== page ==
Is turnabout fair play when Israel examines the critics who would examine its actions?
Groups on the Jewish left expressed outrage last week after the Knesset subcommittee on public diplomacy voted to convene hearings on J Street, the Washington-based lobby that calls itself “pro-Israel, pro-peace.”
The hearing is set to take place next week, and J Street director Jeremy Ben-Ami and Davidi Gilo, an American Israeli who is a major funder of the group, have agreed to testify.
“We believe such a Knesset discussion is unprecedented in the history of Israel,” J Street said in a statement. “It appears to be one more regrettable step by a small but growing group of anti-democratic forces in Israeli politics to limit debate and to intimidate those with whom they disagree.”
The reference to “one more regrettable step” was to Knesset hearings that would have targeted Israeli nongovernmental organizations tracking Israel’s treatment of the Palestinians. Israeli Prime Minister Benjamin Netanyahu quashed those hearings after complaints by mainstream pro-Israel groups that targeting human rights watchers undercut Israeli democracy.
Unlike the NGO hearings, the J Street hearings do not appear aimed at placing legal limits on the group’s activities in Israel. Rather, suggested Israeli Knesset member Otniel Schneller of Kadima, they are about clearing up whether or not J Street is misrepresenting itself when it calls itself pro-Israel.
“I asked for the hearing not because of the content of J Street’s beliefs, but because I want to look into the commitment of Jewish love and support for Israel,” Schneller told The Jerusalem Post. “If they don’t love and support Israel, then they should not present themselves as pro-Israel.”
Likud’s Danny Danon, the chairman of the Knesset subcommittee that will be holding the hearings, plans on asking Kadima Knesset members who attended J Street’s conference last month about their participation in the event.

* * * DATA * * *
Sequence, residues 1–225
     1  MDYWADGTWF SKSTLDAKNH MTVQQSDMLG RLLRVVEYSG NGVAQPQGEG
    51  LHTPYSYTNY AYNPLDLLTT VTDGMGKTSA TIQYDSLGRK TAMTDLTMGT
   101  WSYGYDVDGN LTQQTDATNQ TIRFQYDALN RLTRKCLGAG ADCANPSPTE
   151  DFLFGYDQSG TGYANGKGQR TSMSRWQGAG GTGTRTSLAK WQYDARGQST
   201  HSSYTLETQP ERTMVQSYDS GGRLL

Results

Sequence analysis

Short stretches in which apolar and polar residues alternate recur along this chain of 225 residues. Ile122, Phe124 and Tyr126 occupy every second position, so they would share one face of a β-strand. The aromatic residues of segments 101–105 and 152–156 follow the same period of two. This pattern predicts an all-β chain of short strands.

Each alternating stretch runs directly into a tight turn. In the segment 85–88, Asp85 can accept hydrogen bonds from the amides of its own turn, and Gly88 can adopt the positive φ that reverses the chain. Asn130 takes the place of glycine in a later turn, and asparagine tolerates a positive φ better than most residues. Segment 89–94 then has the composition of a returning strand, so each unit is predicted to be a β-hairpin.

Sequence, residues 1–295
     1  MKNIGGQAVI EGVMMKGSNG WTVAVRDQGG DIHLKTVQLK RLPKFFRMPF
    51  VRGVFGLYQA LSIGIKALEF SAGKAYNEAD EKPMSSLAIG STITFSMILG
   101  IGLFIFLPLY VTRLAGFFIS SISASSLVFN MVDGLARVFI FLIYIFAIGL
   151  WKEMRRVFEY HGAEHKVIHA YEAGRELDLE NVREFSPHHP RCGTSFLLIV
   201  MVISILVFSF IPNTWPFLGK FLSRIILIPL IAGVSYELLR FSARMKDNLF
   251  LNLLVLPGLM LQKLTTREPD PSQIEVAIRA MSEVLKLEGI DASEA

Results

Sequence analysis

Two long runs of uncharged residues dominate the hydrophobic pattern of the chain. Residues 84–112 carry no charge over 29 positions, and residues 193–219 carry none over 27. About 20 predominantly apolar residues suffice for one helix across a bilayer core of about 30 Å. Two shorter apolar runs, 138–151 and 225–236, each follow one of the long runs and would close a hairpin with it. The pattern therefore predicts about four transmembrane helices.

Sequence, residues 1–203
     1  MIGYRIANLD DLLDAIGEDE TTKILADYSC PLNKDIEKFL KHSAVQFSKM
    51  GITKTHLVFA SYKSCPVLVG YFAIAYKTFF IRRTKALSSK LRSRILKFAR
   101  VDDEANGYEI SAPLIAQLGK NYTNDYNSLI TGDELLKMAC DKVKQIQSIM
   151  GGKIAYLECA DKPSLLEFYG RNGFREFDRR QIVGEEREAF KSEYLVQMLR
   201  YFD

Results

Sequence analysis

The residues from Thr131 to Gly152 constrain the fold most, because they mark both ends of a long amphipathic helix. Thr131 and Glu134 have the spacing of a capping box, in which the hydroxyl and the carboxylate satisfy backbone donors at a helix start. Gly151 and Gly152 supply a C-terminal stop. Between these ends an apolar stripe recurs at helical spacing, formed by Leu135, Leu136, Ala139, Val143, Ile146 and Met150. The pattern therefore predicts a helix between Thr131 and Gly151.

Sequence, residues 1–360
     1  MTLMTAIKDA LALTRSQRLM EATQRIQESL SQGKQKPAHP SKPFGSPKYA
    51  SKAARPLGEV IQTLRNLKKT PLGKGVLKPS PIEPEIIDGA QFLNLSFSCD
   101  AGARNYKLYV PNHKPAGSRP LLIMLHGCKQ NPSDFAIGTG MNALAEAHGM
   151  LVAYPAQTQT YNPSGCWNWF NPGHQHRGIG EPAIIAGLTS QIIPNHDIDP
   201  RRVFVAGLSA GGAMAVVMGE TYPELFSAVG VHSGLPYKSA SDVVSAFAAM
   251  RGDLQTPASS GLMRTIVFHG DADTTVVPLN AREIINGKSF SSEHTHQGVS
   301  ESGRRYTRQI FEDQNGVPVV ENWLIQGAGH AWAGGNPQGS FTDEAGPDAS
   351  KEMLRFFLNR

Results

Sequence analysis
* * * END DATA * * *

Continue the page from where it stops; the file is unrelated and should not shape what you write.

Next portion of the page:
“During the midterms, we saw congressional candidates lose elections partially because of their support for J Street,” Commentary magazine blogger Alana Goodman wrote. “But is this a sign that J Street is now starting to hurt politicians on an international level?”
Abraham Foxman, the Anti-Defamation League’s national director, said the hearings on J Street are a bad idea.
“I would hope that the Israeli Knesset had better things to do than hold hearings on American Jewish organizations or American organizations,” he told JTA. “It’s inappropriate, it’s counterproductive—it’s beyond their purview and jurisdiction. There’s nothing positive that could be achieved from any of it.”
But Morton Klein, the president of the Zionist Organization of America, said the hearings could be clarifying. He referred to revelations last year that J Street got a big chunk of its funding from George Soros, the billionaire philanthropist who has been harshly critical of successive Israeli governments.
“It’s fine for Israel to determine who is behind this organization, who is funding it, for people to know,” Klein said.
The goal of the hearings seems to be to create an atmosphere that would discourage any Israeli affiliation with the group, J Street backers warn.
“After aggressively attacking dissenting voices in Israel and trying to suppress diversity at home, some Israeli legislators are now extending their intimidation campaign across the ocean,” said Debra DeLee, the president of Americans for Peace Now. “The attempt to delegitimize an American organization that supports Israel and works tirelessly to engage tens of thousands of Americans in pro-Israel activity is bad for Israel.”
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